Extended smoking ban could lower lung cancer death, report claims

The Republic of Ireland's smoking ban should profoundly lower the rates of lung cancer, the country's leading cancer killer, a new report has claimed.  The ‘All Ireland Cancer Statistics Second Report 1998-2000’ says that prevention initiatives need to be implemented right across the island in a bid to target urban areas which have the highest incidence.

Launched today at Queen's University Belfast, the collaborative report by the Northern Ireland Cancer Registry and the National Cancer Registry (Ireland) examines data from both regions to assess the cancer incidence and mortality on the island of Ireland.  Most information is based on 1998-2000 data; trends are from 1994 to 2000.  The report focuses on cancers that are life-threatening, represent a substantial burden to the general population and can be prevented or cured.  Additionally, all cancer sites combined, all childhood cancers and lymphoma are profiled since these are often a concern to the public, researchers and policy makers.  Each year there are over 19,000 new cancer cases and 11,000 cancer deaths throughout Ireland.

As well as recommending more lung cancer prevention initiatives island-wide, the report also recommends that the Republic increases its breast cancer screening services.  While breast cancer is the leading cause of death for women across Ireland, mortality rates in Northern Ireland, where screening programmes are well established, have fallen by more than 20 per cent between 1994 and 2000.  In the Republic breast cancer mortality rates were the same in 2000 as they were in 1994. 

These findings support the planned extension of the National Breast Screening Programme in the Republic of Ireland.  BreastCheck commenced in March 2000 with phase one of the Programme covering the Eastern Regional Health Authority, Midland Health Board and North Eastern Health Board areas.  Screening is being offered free of charge to all women in those areas in the target age group 50 to 64 years of age.  Last year, the Minister for Health and Children announced the extension of the programme to Counties Carlow, Kilkenny and Wexford and also the national roll-out to the Southern and Western counties. 

The report reveals that incidence and mortality rates for prostate cancer in the Republic of Ireland are significantly higher than those in Northern Ireland.  Increased PSA testing may be responsible for the rise in incidence rates as well as the wide variation in incidence rates between regions.  The report points out that the benefits of prostate cancer screening are unclear.  Added to this uncertainty is the widespread and growing use of PSA tests. 

The Report reveals that for childhood cancers, incidence and mortality rates are the same or lower than the rates in the EU and the US.  The five year survival rate for all children in Ireland is essentially the same as in the US and better than in Europe. 

The report also highlights differences from region to region and among the sexes.  For colorectal cancer the incidence in men is 1.5 times higher than in women.  "Understanding why regional variations exist, and targeting prevention programmes to those regions and populations at highest risk should be a public health priority", the report says.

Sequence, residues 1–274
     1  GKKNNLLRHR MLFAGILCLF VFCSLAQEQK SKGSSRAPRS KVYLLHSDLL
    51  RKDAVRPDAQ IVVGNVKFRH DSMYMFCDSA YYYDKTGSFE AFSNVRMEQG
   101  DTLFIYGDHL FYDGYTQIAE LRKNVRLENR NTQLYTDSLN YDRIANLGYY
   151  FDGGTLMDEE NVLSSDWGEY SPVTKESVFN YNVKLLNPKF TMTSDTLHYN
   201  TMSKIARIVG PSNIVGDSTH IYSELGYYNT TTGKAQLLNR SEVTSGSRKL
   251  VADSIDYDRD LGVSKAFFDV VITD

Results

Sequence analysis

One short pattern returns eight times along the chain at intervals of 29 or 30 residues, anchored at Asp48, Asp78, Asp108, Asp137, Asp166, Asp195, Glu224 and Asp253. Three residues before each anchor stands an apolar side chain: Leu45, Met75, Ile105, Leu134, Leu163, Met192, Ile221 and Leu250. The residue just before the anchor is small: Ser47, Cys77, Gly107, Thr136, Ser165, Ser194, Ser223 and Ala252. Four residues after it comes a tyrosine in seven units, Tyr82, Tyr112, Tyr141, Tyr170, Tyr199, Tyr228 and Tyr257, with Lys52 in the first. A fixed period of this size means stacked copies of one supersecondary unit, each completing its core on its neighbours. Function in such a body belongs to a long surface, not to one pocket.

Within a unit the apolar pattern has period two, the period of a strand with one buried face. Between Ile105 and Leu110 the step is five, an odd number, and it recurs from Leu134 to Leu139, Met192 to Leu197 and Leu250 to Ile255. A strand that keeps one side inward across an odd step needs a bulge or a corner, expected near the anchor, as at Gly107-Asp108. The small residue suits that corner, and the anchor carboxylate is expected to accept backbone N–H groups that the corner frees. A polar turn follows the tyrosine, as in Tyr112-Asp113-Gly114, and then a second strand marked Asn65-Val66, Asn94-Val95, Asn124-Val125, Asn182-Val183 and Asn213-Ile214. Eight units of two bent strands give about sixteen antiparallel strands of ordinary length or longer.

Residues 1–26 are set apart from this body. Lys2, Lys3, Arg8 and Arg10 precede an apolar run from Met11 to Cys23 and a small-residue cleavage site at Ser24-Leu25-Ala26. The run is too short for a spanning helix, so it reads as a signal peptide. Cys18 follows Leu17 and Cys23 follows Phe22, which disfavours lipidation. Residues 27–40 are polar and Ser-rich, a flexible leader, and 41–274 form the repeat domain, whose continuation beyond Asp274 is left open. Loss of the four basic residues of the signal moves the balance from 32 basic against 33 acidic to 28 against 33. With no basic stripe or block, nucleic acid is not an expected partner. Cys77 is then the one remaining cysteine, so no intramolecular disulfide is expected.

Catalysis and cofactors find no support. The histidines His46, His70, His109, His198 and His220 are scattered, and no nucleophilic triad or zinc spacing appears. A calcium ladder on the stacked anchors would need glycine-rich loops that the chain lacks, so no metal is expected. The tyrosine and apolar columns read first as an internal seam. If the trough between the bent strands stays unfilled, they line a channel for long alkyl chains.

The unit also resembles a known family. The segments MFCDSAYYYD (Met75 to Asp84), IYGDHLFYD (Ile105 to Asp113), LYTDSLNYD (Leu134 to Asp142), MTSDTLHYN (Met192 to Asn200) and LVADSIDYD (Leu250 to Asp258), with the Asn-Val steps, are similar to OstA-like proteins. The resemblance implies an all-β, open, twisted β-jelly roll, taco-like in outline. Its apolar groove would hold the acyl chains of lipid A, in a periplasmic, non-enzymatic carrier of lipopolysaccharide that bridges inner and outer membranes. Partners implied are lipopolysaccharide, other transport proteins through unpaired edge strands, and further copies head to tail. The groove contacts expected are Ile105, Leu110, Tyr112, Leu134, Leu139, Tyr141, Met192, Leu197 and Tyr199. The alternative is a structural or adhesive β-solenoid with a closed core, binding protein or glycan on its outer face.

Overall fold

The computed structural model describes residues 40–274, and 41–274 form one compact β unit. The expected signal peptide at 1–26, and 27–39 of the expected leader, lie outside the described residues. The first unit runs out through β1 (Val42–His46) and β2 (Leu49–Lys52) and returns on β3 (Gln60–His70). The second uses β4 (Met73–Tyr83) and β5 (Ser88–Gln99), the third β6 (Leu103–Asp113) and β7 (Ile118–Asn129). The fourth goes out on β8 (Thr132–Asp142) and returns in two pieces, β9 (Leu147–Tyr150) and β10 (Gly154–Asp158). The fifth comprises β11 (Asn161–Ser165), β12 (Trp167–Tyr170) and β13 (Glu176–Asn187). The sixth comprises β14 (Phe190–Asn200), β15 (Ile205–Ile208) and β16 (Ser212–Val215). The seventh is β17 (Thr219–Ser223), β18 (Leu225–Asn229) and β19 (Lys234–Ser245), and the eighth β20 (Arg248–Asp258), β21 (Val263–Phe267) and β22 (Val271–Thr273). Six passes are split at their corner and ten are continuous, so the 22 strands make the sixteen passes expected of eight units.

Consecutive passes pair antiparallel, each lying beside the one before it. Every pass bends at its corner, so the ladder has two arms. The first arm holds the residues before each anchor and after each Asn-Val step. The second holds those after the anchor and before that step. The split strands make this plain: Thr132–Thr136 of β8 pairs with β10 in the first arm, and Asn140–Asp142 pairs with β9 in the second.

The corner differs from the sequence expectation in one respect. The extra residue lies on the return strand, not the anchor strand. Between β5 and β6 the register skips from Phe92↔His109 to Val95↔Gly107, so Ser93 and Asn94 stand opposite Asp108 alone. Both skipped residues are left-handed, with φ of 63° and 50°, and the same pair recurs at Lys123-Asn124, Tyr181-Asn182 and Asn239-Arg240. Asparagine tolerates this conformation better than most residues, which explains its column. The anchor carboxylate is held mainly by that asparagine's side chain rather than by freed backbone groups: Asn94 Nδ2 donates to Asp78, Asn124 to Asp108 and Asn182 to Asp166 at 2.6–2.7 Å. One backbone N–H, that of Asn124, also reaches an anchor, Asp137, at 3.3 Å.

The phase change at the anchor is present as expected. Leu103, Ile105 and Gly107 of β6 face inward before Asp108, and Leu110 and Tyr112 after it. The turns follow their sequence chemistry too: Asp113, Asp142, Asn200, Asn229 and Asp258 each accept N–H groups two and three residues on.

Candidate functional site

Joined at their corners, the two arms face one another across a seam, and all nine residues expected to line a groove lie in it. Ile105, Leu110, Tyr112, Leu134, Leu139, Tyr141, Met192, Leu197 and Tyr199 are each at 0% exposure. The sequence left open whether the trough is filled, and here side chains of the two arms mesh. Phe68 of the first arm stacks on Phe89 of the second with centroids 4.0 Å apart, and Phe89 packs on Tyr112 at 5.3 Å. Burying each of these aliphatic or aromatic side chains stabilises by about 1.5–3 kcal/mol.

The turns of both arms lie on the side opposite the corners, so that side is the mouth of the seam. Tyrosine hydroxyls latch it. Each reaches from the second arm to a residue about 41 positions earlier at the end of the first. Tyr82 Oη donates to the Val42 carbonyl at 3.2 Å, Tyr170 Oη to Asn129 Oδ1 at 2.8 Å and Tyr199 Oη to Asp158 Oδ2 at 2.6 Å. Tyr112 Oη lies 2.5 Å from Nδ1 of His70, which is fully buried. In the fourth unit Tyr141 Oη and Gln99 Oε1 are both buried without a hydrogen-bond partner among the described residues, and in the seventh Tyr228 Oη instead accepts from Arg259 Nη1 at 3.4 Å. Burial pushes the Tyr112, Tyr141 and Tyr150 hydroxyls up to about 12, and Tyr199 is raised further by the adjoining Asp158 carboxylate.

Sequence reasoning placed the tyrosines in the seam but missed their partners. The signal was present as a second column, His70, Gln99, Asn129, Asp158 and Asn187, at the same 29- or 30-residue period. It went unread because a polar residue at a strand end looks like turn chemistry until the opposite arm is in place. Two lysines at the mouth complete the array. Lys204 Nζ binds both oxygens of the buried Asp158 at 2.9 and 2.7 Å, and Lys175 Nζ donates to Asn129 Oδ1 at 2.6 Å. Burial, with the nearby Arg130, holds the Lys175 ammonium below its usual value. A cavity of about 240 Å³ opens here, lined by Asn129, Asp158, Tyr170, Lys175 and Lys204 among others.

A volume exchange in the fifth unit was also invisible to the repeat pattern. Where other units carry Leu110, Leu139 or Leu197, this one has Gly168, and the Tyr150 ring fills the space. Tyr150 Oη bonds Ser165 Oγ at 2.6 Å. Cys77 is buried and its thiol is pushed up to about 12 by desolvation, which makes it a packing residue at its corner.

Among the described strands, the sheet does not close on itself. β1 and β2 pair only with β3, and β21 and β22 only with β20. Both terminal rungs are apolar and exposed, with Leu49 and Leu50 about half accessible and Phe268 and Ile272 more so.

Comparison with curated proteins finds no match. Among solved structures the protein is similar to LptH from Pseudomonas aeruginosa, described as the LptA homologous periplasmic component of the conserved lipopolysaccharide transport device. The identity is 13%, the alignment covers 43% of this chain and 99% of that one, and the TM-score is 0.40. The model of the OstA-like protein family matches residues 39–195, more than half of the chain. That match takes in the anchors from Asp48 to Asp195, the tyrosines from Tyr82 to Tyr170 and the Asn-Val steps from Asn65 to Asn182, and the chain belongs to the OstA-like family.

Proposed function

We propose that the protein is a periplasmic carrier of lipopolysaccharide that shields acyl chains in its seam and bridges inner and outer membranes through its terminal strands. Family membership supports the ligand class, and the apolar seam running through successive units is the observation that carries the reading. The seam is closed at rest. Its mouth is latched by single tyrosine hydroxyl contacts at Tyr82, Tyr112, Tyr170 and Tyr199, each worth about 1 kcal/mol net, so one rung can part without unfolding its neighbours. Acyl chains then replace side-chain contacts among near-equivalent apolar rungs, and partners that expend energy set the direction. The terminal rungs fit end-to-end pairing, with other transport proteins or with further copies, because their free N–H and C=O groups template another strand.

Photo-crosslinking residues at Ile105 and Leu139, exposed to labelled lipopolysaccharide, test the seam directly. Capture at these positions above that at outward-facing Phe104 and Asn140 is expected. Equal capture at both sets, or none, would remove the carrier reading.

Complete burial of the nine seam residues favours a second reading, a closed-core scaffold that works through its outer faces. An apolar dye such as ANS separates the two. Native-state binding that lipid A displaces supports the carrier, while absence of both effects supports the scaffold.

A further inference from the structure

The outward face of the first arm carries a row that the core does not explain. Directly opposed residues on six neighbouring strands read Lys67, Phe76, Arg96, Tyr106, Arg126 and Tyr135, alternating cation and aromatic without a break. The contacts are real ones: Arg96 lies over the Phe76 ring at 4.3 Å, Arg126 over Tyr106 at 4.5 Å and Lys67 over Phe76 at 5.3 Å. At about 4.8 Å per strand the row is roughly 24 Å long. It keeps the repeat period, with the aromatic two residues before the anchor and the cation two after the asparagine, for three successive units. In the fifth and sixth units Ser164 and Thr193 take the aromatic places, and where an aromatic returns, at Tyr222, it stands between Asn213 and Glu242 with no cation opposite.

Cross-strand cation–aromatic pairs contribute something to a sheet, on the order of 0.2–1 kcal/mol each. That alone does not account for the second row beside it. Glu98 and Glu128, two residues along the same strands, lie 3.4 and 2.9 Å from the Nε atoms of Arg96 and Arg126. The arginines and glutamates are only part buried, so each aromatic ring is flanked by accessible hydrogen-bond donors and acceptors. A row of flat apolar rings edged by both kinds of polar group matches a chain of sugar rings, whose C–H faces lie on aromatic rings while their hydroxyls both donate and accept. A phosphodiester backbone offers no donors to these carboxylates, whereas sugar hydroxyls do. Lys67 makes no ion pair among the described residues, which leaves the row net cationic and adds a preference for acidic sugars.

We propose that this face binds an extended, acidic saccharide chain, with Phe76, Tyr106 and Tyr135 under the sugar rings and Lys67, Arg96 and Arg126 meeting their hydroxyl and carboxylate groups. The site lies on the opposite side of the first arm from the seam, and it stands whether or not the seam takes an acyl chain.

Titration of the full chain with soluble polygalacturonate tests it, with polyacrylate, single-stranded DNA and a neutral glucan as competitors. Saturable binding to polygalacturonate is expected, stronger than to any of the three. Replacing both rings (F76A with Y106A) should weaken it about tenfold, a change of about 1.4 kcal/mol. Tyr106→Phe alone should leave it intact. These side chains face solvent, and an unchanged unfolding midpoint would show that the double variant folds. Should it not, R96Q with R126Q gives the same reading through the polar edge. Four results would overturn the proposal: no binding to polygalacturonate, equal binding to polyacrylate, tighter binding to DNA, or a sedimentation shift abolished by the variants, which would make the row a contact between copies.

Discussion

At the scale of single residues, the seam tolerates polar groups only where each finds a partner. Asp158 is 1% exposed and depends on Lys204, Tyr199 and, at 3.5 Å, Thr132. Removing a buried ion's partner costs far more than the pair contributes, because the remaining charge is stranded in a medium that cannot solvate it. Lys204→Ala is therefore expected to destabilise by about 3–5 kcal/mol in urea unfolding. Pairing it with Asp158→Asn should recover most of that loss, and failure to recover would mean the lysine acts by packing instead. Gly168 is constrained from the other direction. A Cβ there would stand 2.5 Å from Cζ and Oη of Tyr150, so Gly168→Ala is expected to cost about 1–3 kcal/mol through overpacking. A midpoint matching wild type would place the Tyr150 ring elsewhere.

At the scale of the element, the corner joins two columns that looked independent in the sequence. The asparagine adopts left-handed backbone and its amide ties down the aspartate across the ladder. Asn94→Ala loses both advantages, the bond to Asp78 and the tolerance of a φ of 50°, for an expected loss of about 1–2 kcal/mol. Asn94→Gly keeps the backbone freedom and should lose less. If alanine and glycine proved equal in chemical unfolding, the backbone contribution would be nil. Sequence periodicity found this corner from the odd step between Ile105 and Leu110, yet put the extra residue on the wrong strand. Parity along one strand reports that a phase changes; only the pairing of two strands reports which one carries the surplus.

Commenting on the report, Northern Ireland's Chief Medical Officer, Dr. Henrietta Campbell said it proved the importance of cancer registration as one of our most important public health tools.  "It provides concrete evidence of the benefits of the National Cancer Institute, Ireland and the Northern Ireland Cancer Registry Consortium which aims to promote joint programmes of work.  This report, the result of several years of collaboration, highlights some areas of success and identifies areas for action to improve cancer outcomes in Ireland. We must take note of its recommendations”, she said.

Welcoming the publication Dr. Jim Kiely, Chief Medical Officer for the Department of Health and Children in Ireland, said: " This aspect of the work of the Consortium has proven to be particularly valuable, both in terms of the actual information it gives us in relation to cancer in the island as a whole, and the clear example it provides us of the type of co-operation that lies at the heart of the mission of the Consortium.  The authors of this report deserve our commendation for the excellence of their work which will provide a sound basis for future planning in this most important of public health policy areas.  The key goal of the National Cancer Strategy 1996 was to achieve a 15% decrease in mortality from cancer in the under-65 year age group in the 10 year period from 1994.  The Evaluation of the National Cancer Strategy demonstrated that this figure was achieved in 2001, which was 3 years ahead of target.  The National Cancer Forum is currently developing a new National Cancer Strategy.  The new Strategy will set out the key priorities for the development of cancer services over the coming years, building on the achievements to date, and will make recommendations in relation to the organisation of cancer services nationally. The Strategy is due to be published at the end of this year.”


The report was jointly funded by the Department of Health, Social Services and Public Safety and the Department of Health and Children in the Republic.

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